[JURIST] The Department of Justice (DOJ) [official website] filed a lawsuit on Monday against AT&T, DirecTV, and Time Warner on Monday seeking to prevent [complaint, PDF] the companies' proposed $108 billion merger.
The DOJ alleges that the companies' merger would violate section 7 of the Clayton Act [text, PDF], which prohibits asset acquisitions that create monopoly-like restraints on competition. Because the merger has yet to commence and the case's readiness for court proceedings may be challenged, the DOJ brought suit under Section 15 of the Clayton Act, which gives the DOJ authority to institute legal proceedings to prevent and restrain violations of the Act.
The complaint alleges several facts concerning the proposed merger and the current state of competition among cable television providers and video distributors. To explain the potential problems posed by the merger, the lawsuit describes the effect of small "online video distributors" on the dynamic between cable television providers and consumers, stating: "[a]s these online services improve and expand, they bring increasing competition to traditional video distributors—competition that benefits consumers, but which AT&T/DirecTV fears will disrupt the industry and deteriorate its high profit margins." Further, the DOJ argues that the proposed merger would have a negative on competition among television providers and especially Time Warner's television networks, including TNT, TNN, CNN and HBO, stating:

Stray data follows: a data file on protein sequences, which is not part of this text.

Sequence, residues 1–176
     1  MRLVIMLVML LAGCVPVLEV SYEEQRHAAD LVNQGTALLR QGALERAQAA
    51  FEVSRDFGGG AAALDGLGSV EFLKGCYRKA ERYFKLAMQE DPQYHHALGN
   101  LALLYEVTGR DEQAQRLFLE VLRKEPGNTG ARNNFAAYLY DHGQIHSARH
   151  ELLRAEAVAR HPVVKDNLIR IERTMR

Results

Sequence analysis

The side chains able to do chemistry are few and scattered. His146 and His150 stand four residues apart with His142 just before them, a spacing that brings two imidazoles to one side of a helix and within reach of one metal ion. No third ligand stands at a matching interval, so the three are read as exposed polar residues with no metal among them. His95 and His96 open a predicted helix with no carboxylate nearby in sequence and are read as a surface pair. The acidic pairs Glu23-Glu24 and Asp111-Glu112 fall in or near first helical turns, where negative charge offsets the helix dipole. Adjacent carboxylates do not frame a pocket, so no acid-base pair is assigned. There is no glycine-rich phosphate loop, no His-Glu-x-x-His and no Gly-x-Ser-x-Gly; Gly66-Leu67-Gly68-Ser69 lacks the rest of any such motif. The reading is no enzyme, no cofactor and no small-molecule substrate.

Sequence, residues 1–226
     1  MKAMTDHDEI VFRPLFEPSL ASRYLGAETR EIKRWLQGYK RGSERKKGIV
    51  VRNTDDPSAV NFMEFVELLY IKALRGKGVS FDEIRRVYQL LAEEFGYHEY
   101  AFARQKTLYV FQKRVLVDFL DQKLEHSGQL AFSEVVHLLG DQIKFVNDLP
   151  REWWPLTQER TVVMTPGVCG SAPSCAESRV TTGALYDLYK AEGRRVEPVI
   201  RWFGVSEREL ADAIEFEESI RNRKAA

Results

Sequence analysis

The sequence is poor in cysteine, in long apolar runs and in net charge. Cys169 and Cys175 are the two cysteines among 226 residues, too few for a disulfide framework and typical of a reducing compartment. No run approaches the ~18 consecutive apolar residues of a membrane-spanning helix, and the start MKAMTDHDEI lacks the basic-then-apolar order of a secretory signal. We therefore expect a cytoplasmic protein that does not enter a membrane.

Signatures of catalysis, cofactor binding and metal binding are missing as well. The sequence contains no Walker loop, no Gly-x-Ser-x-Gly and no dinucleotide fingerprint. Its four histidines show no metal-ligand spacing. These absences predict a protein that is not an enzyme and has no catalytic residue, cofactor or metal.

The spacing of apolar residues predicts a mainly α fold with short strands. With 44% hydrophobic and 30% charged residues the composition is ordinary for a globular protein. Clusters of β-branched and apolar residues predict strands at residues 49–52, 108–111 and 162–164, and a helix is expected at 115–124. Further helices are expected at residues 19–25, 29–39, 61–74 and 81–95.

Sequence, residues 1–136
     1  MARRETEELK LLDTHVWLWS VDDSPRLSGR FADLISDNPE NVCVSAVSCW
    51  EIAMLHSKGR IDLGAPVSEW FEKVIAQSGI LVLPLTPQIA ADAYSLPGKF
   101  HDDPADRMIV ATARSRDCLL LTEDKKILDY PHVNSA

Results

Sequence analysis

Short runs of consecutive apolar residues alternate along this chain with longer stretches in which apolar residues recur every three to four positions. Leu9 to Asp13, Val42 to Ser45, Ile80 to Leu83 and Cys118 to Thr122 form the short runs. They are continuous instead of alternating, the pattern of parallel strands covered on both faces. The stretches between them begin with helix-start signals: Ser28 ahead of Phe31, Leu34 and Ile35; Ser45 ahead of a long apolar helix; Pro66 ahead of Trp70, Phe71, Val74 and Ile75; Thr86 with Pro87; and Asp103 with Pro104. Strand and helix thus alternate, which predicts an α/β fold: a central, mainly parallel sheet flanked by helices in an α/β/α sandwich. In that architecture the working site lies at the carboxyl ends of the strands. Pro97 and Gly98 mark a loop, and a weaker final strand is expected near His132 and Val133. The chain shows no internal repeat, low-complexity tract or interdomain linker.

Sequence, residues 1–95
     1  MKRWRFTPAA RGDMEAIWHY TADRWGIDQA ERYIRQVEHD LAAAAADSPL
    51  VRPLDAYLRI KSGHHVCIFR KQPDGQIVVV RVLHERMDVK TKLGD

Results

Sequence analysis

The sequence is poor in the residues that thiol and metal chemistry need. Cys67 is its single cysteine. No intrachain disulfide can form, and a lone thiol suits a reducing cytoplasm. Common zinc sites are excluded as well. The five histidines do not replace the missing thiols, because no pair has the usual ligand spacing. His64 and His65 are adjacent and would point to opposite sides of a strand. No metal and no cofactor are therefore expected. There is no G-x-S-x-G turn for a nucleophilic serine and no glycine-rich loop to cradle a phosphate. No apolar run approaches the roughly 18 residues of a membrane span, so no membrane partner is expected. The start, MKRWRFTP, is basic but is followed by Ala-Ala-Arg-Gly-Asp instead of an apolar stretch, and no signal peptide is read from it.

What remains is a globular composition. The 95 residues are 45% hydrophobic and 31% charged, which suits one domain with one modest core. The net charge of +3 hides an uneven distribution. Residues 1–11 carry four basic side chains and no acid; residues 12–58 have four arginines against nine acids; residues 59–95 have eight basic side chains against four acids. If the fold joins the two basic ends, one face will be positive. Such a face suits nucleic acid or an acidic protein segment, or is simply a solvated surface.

[T]he merger would result in higher prices for consumers of traditional subscription television because it would give the merged company the power to raise the prices that competing video distributors pay to it for Time Warner’s popular TV networks for no reason other than that those networks would now be owned by AT&T/DirecTV. . . The merger would thus substantially lessen competition by giving the merged company the additional leverage to charge its rival video distributors higher prices for its networks than Time Warner’s current market power would otherwise allow, making those distributors less able to compete effectively with the merged company.The lawsuit is one of few the government has filed seeking to prevent proposed merger and acquisitions among companies, and may show an adjustment in the government's attitude [Washington Post report] toward dealing with such events.